Date posted: 13/12/2018 10 mins min read

10 issues your business will grapple with in 2019

Digital transformation, cybersecurity and political paralysis are keeping business leaders awake going into 2019. But KPMG’s Keeping Us Up at Night report also reveals a greater focus on trust and putting customers first.

In Brief

  • Digital transformation, cyber threats and digital disruption are top of mind for the 220 business leaders surveyed by KPMG for its 2019 Keeping Us Up at Night report.
  • The collapse of public trust is a massive challenge, and businesses will need to harness any big data insights into their customers in a safe, secure way.
  • Increased compliance was cited as a significant burden, but the emerging field of regtech may supply solutions.

By Ben Hurley

Another year is almost behind us, bringing new challenges that will keep business leaders up at night in 2019.

To help businesses hit the ground running after the summer break, KPMG’s research practice, KPMG Acuity, asked 220 C-level leaders from diverse industries what issues concern them most in the year to come.

Here are 10 of the biggest, outlined in KPMG’s Keeping Us Up at Night report, along with some high-level insights about how to tackle them.

1. Digital transformation

Business leaders should ask themselves whether they are facing challenges that may have digital solutions, such as systemic cost pressures, falling barriers to entry in their field, or intense competition for customers driving a need for unique customer experiences. Digitally connecting customers, employees and partners into an ecosystem with well thought-out priorities can unleash a lot of power. But new technology has to connect to a business’s existing systems, otherwise it’s a superficial, cosmetic change.

2. Innovation and digital disruption

New developments in cloud computing, blockchain technology and artificial intelligence (AI) are driving disproportionate growth opportunities for the lucky few, and disruption for the rest. Businesses face a population sceptical about whether innovation and disruption actually benefits consumers, or a small elite. For innovation in new technology to work, it needs to deepen relationships with customers, employees and communities by being useful and intuitive.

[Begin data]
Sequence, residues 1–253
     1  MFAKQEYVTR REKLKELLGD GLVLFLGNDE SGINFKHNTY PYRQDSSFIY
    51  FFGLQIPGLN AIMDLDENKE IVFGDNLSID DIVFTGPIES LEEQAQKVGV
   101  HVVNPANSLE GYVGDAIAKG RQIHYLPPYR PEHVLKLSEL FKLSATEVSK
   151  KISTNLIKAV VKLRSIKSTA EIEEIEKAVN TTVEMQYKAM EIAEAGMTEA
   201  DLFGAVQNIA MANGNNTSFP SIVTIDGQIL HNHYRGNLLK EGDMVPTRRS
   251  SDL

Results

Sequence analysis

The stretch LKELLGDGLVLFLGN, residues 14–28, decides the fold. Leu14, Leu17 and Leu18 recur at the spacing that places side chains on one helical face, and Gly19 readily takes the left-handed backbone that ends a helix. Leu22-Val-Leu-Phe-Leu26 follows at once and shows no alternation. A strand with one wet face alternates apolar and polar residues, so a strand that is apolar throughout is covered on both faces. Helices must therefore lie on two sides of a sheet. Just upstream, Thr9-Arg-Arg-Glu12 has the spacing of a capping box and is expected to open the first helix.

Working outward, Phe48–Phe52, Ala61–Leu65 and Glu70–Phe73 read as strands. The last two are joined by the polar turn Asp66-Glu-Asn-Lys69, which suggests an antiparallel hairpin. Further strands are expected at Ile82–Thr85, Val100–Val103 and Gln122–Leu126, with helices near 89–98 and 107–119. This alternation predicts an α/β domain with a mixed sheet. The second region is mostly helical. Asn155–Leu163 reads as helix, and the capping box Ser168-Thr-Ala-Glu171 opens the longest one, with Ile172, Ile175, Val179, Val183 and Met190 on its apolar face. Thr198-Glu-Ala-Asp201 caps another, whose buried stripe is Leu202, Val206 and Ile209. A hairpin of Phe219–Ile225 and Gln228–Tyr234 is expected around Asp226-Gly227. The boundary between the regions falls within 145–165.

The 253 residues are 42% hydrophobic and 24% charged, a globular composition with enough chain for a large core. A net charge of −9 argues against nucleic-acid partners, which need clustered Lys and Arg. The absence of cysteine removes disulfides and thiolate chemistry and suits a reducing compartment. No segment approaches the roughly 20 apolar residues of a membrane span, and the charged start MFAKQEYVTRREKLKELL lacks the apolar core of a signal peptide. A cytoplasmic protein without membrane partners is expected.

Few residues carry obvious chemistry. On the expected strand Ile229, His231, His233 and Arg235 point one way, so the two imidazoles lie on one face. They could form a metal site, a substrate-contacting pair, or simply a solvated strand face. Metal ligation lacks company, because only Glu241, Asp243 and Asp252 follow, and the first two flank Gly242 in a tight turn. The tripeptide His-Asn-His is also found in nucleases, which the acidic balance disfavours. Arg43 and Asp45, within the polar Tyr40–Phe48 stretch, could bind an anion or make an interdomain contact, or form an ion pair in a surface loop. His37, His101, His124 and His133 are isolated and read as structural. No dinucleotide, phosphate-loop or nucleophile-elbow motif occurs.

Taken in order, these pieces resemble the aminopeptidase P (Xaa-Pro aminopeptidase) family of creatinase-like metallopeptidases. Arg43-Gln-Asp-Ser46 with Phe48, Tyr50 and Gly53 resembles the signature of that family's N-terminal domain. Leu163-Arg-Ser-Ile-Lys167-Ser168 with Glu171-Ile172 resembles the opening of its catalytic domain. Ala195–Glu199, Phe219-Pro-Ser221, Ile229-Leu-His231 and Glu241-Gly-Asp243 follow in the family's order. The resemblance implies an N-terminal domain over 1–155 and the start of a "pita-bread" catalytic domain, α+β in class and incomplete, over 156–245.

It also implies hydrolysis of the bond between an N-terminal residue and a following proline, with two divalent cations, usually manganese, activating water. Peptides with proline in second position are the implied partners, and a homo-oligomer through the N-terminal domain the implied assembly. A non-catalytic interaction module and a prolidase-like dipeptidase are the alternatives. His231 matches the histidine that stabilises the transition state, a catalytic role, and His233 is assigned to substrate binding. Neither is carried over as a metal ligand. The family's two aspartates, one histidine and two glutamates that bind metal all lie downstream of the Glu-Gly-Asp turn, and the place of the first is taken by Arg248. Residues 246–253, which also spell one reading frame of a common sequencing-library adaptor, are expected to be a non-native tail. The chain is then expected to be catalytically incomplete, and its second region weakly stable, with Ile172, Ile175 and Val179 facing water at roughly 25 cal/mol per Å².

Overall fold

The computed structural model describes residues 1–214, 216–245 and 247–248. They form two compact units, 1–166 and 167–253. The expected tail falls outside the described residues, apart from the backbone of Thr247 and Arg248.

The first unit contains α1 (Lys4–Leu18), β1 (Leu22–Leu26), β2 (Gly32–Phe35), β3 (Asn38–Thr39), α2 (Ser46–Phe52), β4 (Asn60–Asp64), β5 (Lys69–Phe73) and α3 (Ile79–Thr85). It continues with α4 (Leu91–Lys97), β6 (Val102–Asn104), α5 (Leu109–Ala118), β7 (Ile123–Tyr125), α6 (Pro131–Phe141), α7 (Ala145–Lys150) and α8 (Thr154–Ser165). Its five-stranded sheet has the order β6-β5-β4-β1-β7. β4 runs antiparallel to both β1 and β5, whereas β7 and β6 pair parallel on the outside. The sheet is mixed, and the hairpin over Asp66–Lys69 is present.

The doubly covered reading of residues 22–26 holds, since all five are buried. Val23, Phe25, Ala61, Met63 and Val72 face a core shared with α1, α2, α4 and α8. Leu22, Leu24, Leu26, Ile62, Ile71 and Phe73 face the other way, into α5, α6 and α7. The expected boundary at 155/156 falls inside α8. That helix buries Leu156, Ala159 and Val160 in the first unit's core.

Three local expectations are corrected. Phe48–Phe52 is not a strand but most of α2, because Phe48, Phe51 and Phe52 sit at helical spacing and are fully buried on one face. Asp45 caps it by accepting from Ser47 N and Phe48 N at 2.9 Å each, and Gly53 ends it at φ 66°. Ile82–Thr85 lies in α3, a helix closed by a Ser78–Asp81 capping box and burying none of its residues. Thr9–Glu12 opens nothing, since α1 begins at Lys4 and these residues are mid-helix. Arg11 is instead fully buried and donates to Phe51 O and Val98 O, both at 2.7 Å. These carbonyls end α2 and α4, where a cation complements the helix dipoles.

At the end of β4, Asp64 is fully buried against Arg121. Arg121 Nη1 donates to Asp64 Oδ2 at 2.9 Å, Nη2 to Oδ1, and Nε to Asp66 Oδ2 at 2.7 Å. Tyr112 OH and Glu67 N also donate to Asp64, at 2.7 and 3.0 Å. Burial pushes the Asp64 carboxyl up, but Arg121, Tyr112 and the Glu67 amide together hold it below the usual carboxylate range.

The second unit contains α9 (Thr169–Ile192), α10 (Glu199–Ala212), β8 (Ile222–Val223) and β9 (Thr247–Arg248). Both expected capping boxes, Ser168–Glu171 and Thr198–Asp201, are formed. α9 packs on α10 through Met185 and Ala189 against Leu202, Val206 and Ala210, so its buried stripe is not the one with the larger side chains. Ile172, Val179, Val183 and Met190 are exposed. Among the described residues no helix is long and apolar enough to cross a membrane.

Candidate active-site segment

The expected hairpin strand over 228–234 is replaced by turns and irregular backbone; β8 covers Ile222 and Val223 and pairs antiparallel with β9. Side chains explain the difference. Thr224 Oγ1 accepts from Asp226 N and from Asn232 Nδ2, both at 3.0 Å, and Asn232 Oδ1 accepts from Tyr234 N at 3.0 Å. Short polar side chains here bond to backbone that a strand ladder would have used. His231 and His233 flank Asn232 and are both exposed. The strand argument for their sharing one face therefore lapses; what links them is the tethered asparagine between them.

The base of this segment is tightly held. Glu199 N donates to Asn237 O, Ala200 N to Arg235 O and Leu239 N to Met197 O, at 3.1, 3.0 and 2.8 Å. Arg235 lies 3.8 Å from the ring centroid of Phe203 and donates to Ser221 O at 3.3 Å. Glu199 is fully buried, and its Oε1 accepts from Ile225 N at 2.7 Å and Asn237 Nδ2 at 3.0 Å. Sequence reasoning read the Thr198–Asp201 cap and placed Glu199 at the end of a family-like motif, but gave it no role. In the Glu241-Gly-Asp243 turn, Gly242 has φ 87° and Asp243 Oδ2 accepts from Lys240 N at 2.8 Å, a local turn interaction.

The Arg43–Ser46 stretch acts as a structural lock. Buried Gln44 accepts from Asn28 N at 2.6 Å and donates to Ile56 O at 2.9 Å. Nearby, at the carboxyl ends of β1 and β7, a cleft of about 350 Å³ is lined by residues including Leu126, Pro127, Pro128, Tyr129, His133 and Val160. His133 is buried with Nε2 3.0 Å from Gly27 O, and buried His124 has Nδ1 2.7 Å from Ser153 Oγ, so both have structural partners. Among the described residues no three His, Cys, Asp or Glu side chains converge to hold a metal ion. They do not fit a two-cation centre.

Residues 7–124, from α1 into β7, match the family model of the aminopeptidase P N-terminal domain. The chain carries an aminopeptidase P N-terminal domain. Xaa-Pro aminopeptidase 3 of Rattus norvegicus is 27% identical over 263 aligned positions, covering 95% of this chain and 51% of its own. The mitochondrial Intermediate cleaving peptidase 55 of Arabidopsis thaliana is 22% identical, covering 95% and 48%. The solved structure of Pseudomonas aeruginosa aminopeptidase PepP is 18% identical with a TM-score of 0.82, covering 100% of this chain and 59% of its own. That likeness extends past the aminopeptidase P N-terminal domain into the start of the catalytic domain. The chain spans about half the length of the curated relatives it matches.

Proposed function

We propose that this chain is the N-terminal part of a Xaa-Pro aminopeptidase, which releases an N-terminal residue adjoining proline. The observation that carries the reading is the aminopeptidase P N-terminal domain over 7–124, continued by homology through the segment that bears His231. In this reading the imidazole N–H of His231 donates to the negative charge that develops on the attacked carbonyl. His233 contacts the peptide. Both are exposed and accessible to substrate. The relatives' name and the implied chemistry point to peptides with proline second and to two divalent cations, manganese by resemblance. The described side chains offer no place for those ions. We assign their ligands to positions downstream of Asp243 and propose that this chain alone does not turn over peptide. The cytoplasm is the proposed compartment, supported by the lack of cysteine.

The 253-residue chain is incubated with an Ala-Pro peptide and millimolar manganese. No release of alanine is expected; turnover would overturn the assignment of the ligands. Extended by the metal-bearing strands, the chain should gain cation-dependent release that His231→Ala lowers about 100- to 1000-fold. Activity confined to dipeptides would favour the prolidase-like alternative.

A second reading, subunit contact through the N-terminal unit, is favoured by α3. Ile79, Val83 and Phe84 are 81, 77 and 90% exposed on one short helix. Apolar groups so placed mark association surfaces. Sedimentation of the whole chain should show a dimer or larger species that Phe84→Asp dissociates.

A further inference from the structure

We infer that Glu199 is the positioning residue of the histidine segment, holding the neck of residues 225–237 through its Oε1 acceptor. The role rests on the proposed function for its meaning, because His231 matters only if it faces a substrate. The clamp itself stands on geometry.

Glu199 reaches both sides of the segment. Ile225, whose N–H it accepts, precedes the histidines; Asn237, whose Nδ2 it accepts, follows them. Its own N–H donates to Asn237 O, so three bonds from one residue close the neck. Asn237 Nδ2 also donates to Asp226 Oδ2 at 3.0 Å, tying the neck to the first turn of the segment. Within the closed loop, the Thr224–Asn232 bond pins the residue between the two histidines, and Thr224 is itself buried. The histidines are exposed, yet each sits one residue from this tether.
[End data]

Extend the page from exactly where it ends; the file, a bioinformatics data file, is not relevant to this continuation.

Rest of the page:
3. Regulation and regtech

Compliance will be a significant burden for most businesses in 2019, particularly Australian financial institutions following the Royal Commission into Misconduct in the Banking, Superannuation and Financial Services Industry. But forward-thinking businesses will take compliance pressures as an opportunity to build deep trust with their customers. The emerging field of regtech is one to watch for possible solutions.

4. Political paralysis

A toxic political climate in Australia and growing polarisation worldwide are making it hard to gain support for complex reforms, causing headaches for companies. Members of the business community with a deep and pragmatic understanding of issues can recognise behaviour that is not geared to the broader public interest, and can bring clarity when outlandish claims from politicians go uninterrogated. Having a strong foundation of trust will be crucial.